But since 1992, the story has been very different. Democrats have won the popular vote in four of the past five elections; after this election, Democrats could be in a position of having quietly won the popular vote in five of six presidential elections, just as Republicans did in the days of their so-called lock. The picture will look different if Obama loses; even if he wins, Democrats haven’t dominated this era nearly as much as Republicans did the earlier one. In one of those recent Democratic popular-vote victories, of course, Al Gore lost the Electoral College vote in 2000, and none of the Democratic winners has approached the towering margins of Richard Nixon in 1972 (61 percent) or Reagan in 1984 (59 percent). Obama’s 52.8 percent has been the Democratic high point over that period, and it seems very unlikely he will match that even if he survives.
Still, over these two decades, Republicans are clearly operating with a much lower ceiling than they were during that earlier time. No GOP nominee since 1988 has won more than the 286 Electoral College votes or 50.8 percent of the vote that George W. Bush captured in 2004 while amassing the all-time narrowest margin of victory in the popular vote for a successfully reelected president. Unless his momentum continues to crest, a Romney victory would probably still not exceed either of those totals.
“Maybe we are reaching a tipping point about how the Democratic Party sees itself.” —Ruy Teixeira, Center for American Progress
Two factors, above all, explain the difference from the 1968-88 period controlled by Republicans and the more recent stretch of greater Democratic competitiveness: the increasing minority population, as well as the improving Democratic performance among college-educated whites. Those two trends also pose the most pointed choices for Republicans after this election, win or lose.
The most visible change has been the electorate’s growing diversity. When Reagan first won in 1980, whites cast about nine of every 10 ballots; even as late as 1992, when Bill Clinton first captured the White House, whites delivered 88 percent of the votes and minorities just 12 percent. But the white share of the vote has steadily declined in each election since then; by 2008, whites cast 74 percent of the ballots and minorities 26 percent.
The Republican presidential nominee, according to network exit polls and earlier postelection surveys conducted by the University of Michigan, has carried most white voters in every election after 1964. However, this shifting population mix has dulled the impact of that success. Consider: In 2004, Bush won almost exactly the same share of the white vote (58 percent) as his father did in 1988 (59 percent). But while that showing allowed George H.W. Bush to rout Democratic nominee Michael Dukakis by nearly 8 percentage points, the equivalent performance provided the younger Bush his thin 2.5 percentage-point edge over John Kerry. Likewise, in 2008, Obama lost the white vote by as large a margin as Gore did in the near-dead heat of 2000. Yet because Obama carried 80 percent of the growing minority population, including not only 95 percent of African-Americans but also two-thirds of Hispanics, he won the largest share of the popular vote of any Democratic nominee since Johnson in 1964.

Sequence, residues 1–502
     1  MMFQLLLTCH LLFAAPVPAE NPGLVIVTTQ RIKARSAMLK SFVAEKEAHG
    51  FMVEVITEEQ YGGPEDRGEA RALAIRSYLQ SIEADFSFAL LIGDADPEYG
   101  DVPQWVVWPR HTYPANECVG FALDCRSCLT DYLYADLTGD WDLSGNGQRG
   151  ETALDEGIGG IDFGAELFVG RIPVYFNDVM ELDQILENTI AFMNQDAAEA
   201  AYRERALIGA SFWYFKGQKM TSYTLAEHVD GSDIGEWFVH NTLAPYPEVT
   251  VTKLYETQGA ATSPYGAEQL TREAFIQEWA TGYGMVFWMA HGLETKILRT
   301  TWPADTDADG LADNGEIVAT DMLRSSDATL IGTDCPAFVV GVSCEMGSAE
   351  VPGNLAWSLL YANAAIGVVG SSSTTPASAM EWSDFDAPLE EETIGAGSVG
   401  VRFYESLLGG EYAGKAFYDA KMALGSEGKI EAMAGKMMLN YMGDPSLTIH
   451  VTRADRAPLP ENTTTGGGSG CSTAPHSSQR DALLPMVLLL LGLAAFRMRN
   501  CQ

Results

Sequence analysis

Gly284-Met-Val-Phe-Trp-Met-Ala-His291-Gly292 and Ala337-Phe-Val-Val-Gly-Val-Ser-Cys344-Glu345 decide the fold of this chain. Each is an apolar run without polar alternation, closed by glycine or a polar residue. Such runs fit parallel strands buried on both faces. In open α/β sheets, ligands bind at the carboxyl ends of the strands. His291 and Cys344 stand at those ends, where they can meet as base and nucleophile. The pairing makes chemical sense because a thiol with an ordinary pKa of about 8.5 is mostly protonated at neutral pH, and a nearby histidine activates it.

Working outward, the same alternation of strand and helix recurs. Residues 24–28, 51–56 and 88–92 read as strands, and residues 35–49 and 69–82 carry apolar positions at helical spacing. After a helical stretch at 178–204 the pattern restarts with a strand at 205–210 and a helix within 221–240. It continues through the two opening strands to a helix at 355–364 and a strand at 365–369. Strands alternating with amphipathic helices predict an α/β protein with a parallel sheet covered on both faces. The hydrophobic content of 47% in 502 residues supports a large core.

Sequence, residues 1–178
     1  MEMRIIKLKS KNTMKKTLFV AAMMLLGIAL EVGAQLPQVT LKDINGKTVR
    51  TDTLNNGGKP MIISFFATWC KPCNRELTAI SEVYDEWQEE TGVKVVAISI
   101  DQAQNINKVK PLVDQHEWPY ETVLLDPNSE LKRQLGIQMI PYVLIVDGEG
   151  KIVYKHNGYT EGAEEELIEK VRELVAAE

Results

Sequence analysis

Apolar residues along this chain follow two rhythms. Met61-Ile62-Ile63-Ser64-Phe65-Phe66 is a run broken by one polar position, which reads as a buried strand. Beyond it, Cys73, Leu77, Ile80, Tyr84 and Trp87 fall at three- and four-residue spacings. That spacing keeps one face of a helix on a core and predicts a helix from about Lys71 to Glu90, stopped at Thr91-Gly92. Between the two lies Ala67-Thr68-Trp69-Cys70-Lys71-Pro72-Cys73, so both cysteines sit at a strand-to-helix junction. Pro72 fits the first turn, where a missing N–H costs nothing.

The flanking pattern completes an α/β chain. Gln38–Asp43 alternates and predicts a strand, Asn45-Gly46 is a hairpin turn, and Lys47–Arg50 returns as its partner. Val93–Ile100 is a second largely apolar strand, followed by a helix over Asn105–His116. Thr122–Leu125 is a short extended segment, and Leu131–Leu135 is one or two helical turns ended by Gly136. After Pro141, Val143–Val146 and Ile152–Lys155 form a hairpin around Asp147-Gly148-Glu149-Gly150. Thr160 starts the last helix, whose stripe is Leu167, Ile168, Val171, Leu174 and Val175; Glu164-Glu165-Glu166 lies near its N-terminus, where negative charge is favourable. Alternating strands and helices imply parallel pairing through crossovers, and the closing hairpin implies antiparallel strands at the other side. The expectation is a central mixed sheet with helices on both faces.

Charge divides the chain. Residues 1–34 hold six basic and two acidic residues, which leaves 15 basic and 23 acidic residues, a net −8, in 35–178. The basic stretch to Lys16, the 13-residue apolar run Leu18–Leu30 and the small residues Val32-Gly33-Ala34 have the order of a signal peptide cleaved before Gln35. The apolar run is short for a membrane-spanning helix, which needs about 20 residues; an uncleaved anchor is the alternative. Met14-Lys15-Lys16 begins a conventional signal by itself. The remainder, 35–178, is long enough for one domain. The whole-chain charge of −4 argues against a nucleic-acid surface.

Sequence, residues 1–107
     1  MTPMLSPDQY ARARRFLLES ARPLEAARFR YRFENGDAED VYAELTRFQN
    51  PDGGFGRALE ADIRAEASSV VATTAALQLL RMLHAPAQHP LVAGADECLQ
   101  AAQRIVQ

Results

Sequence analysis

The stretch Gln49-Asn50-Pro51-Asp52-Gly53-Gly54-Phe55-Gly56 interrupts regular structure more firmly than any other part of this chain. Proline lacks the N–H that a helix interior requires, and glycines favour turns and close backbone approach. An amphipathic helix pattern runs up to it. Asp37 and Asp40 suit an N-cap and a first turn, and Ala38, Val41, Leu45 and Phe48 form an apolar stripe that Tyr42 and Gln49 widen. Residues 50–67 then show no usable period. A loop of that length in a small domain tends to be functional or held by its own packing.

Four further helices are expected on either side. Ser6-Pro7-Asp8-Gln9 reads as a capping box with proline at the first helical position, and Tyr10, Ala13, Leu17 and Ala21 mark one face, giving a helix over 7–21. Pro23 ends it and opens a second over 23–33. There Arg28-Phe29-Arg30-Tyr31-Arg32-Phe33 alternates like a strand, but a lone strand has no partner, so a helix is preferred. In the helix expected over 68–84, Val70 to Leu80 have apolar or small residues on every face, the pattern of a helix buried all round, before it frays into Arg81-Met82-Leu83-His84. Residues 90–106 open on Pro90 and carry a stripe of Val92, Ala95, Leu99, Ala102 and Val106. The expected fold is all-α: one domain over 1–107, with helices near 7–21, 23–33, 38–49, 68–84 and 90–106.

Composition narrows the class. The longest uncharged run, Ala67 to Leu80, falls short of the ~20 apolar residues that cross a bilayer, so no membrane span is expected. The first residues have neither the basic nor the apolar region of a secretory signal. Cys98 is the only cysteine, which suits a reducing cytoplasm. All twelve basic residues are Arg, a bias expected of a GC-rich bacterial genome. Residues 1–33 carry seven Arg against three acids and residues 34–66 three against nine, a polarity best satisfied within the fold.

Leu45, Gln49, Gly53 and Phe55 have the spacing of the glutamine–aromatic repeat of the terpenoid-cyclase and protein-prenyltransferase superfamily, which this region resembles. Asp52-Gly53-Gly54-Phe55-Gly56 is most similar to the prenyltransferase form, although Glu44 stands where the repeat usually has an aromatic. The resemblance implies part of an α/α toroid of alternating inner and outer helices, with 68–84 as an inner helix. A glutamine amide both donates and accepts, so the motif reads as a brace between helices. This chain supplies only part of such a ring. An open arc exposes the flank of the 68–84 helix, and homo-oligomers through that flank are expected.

Polls show Obama on track to replicate that performance among minorities this year. If he does, and they cast at least the 26 percent of votes they did last time, Romney would need to win 61 percent of whites to assemble a national majority. Although some mid-October polls show Romney reaching that level, others place him short of it. This stark prospect means Romney could win nearly three-fifths of white voters—a showing that would match Dwight Eisenhower in 1952, Reagan in 1980, and Bush in 1988 as the best performance ever for a Republican challenger among whites—and still lose.
If that happens, Schmidt predicts, “there will be the beginnings of a proper civil war in the Republican Party. Everybody will blame everybody. The conservatives will blame the establishment, and vice versa.” Even if Romney wins narrowly with a margin among whites that previously generated landslide victories, the party is likely to squabble over its standing with minorities, especially Hispanics. “You’ve got to play on the other field or you can’t win,” says Murphy, the GOP consultant. “What we have to understand is, our field is shrinking and their field is growing. If we ignore it, I think it will be totally self-destructive. There will be a big fight in the party after the election between the mathematicians and the priests.”
Murphy’s “mathematicians” include many of the party’s most prominent strategists. They consider the GOP’s anemic performance among minorities, particularly Hispanics, an existential threat to the party’s viability at the national level. Although political participation has lagged population growth among Hispanics, their share of the vote has increased from 1 percent in 1980 to 9 percent in 2008, and the Pew Hispanic Center recently calculated that nearly 24 million Latinos are eligible to vote this year, up by more than 4 million since 2008. That’s double the four-year increase in eligible Hispanics between the 1996 and 2000 elections. “If Republicans are going to be competitive at the presidential level over the next 10 to 20 years, they have to do better among nonwhite voters, especially Asians and Hispanics,” GOP pollster Whit Ayres warns.